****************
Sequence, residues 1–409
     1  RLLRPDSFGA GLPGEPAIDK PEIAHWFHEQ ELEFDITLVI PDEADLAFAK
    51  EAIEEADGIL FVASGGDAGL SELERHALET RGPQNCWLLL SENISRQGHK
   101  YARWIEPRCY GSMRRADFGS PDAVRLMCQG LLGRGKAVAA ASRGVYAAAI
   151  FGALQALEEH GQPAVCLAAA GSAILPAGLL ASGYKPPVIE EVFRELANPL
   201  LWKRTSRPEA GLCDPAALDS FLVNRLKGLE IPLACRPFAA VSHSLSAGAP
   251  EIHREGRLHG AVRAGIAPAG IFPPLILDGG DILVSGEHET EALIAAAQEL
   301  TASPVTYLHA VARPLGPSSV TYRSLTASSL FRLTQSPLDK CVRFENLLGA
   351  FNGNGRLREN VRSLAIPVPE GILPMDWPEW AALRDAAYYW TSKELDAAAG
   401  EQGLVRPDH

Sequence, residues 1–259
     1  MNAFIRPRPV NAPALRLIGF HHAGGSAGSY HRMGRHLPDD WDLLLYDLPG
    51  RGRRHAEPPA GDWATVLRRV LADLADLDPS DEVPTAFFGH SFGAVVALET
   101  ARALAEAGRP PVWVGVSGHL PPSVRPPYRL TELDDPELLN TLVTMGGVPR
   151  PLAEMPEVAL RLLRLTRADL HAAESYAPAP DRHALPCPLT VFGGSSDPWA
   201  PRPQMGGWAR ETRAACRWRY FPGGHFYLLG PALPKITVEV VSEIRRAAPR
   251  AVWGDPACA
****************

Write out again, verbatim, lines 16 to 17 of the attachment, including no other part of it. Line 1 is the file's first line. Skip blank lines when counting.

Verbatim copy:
   201  PRPQMGGWAR ETRAACRWRY FPGGHFYLLG PALPKITVEV VSEIRRAAPR
   251  AVWGDPACA